Sean McMinn/Mustang News

The U.S. Capitol building, weeks before it became the site of the first federal government shutdown since 1996.

Mustang News Editorial Board
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For all the national talk of what the federal government shutdown is doing in Washington, D.C., it can be easy to overlook the effect it’s having at Cal Poly. But it’s already taking a toll.

While we recognize a degree of showmanship and ideology are part of politics, Congress needs to save those for another time. Today, it must pass a continuing resolution to open the government and end the suffering its closure is bringing to our university.

Aside from layers of confusion the shutdown is bringing to students who need to get in touch with the Department of Education for financial aid questions, we’ve also seen instances of it hurting university operations.

Students who were hired on campus this year but didn’t have their Social Security card handy have had to apply for a new one. But because of the shutdown, Social Security Administration offices are closed, leaving these students working without pay or unable to work at all.

And as for our Army ROTC program, students are unable to use Camp San Luis Obispo for training.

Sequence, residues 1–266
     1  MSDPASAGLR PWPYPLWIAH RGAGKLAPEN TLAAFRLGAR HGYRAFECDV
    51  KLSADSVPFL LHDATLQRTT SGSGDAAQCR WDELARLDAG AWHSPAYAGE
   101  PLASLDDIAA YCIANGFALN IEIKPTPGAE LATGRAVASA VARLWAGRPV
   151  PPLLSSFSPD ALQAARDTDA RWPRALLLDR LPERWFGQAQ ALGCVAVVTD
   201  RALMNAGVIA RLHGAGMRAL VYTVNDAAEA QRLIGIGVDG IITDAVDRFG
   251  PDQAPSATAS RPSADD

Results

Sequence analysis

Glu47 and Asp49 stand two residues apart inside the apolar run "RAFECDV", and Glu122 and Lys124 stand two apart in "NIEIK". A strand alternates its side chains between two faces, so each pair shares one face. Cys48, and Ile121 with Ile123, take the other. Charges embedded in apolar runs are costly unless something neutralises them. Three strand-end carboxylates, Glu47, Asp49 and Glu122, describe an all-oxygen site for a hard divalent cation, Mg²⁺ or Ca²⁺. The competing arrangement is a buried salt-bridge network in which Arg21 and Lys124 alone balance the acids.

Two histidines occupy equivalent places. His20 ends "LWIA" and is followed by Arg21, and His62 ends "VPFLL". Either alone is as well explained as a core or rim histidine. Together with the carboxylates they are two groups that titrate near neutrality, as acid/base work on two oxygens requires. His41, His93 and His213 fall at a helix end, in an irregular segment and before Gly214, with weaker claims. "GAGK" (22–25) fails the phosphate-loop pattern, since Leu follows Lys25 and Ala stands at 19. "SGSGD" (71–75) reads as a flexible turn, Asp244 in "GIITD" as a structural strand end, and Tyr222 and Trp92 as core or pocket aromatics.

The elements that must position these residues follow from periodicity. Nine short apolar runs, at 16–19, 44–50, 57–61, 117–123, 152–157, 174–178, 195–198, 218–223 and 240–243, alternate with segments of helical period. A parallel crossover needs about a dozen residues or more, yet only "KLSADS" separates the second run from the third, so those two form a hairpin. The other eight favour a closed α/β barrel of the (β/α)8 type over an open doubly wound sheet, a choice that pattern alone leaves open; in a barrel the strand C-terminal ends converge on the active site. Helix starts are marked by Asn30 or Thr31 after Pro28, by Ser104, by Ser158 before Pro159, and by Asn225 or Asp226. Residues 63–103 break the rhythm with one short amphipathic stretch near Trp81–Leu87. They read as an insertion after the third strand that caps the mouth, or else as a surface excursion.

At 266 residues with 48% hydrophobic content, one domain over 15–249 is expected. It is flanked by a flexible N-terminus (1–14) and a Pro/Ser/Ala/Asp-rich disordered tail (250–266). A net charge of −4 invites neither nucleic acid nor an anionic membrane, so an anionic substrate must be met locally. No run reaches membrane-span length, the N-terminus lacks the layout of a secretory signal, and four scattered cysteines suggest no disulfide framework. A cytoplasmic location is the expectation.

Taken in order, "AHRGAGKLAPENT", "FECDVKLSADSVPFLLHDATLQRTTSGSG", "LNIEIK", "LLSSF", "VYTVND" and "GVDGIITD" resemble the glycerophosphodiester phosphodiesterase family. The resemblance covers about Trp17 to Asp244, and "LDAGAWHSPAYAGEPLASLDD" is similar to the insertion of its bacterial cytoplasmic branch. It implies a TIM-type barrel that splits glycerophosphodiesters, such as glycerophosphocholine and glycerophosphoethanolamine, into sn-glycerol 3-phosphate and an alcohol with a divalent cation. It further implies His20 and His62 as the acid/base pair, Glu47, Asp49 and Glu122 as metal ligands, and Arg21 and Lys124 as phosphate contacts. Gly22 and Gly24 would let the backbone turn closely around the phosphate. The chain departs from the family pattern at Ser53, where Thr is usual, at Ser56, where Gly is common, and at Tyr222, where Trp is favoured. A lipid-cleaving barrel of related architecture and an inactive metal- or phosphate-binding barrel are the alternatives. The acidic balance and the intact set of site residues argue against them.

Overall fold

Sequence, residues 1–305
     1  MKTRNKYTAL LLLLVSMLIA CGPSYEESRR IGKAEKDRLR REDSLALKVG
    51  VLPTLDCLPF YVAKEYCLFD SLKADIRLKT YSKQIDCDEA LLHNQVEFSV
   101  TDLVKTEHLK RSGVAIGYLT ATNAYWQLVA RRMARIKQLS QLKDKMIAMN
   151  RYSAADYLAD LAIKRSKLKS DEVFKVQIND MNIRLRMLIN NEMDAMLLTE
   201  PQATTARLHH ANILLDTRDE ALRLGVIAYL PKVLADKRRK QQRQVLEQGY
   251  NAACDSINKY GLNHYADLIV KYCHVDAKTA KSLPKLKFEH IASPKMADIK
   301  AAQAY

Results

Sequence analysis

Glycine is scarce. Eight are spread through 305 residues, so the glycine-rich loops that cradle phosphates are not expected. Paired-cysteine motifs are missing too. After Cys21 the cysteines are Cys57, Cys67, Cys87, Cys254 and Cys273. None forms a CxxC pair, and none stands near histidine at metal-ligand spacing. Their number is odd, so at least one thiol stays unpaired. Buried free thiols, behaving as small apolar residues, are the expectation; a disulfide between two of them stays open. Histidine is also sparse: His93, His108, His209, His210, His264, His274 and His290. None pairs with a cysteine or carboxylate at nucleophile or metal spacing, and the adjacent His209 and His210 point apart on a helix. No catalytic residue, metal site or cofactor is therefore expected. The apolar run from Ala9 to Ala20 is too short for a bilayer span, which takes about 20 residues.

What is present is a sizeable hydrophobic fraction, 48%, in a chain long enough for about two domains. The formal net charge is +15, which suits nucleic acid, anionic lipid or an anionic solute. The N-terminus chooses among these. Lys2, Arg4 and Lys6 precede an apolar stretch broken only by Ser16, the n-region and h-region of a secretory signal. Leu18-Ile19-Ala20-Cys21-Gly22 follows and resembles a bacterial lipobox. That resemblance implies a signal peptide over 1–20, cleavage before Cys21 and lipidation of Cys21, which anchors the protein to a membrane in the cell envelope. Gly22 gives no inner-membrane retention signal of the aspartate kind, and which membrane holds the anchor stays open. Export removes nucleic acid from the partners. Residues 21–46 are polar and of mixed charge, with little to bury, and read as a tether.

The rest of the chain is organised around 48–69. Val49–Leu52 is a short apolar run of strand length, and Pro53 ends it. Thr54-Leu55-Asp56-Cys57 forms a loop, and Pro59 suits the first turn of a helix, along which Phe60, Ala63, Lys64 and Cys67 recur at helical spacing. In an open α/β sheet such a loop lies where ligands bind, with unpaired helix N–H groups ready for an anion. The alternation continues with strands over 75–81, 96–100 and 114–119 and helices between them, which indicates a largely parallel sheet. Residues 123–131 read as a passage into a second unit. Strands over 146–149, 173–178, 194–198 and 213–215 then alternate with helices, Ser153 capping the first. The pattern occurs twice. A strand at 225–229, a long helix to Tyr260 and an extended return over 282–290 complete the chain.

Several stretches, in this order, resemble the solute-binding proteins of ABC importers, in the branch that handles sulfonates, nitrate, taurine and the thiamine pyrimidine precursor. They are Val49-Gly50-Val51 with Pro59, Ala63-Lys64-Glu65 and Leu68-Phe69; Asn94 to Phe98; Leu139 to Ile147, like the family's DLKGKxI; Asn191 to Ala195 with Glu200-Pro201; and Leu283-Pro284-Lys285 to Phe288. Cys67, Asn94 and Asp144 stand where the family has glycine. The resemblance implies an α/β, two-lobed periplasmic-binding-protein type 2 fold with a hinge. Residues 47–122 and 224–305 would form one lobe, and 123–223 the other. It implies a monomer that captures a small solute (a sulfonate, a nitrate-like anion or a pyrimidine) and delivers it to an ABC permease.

“The main thing impacting us right now goes along with the training piece — if we can’t use the facilities at Camp San Luis Obispo, we’re a little bit more limited,” said Capt. Jeremy Medaris, an assistant professor of military science.

“Honestly, I think in a month or so all this will be resolved,” he said.

The reason we’re seeing these problems here in San Luis Obispo is because of Congress’ disagreement over the Affordable Care Act, otherwise known as Obamacare. Republicans have taken a hard-line approach to negotiations by acting as if it’s OK for the shutdown to continue indefinitely unless Democrats make concessions to delay or defund Obamacare.

But CNN, The Washington Post and The Huffington Post all reported enough Republicans are willing to end the shutdown with a no-strings-attached bill Democrats have already endorsed. What’s stopping that bill now is pressure from the far-right Republicans — the ones who advocated for shutting down the government in the first place.

Speaker John Boehner knows a bill to open the government without changing Obamacare would lose among Republicans. This would embarrass the speaker more than perhaps any other course of action he could take, even though the bill would likely pass in the House of Representatives, Senate and be signed into law by the White House.

The government could be on track to open today if Boehner would allow a vote on this “clean” funding bill. To do so could cost the speaker his job, but it would spare Americans from Washington, D.C., to San Luis Obispo from the real and immediate effects of the government shutdown.

There is a place in democracy for legislative politicking, but it is not today. House Republicans should vote now for a funding bill to open the government back up, then try to make their case against the Affordable Care Act later.

This represents the opinion of the Mustang News editorial board, which includes J.J. Jenkins, Carly Rickards, Sean McMinn and Olivia DeGennaro.

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